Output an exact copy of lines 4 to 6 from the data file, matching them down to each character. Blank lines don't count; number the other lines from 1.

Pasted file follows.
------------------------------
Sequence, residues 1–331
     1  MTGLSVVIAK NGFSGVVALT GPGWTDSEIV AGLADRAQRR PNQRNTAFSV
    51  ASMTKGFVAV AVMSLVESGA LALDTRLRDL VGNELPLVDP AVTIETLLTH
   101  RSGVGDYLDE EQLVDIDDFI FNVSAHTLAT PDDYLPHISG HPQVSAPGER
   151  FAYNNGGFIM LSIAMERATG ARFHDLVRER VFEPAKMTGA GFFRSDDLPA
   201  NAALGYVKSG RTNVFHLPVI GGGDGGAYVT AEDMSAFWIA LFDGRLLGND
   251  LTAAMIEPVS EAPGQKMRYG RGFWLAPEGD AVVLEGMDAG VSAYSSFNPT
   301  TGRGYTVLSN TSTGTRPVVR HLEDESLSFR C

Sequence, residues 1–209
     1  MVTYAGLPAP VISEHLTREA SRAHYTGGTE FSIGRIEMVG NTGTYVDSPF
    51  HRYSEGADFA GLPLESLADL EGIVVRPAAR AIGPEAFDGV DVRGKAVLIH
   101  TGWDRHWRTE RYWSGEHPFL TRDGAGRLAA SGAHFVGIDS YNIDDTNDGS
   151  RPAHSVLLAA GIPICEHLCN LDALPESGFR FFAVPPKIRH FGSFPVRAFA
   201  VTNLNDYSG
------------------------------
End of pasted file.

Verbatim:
   101  RSGVGDYLDE EQLVDIDDFI FNVSAHTLAT PDDYLPHISG HPQVSAPGER
   151  FAYNNGGFIM LSIAMERATG ARFHDLVRER VFEPAKMTGA GFFRSDDLPA
   201  NAALGYVKSG RTNVFHLPVI GGGDGGAYVT AEDMSAFWIA LFDGRLLGND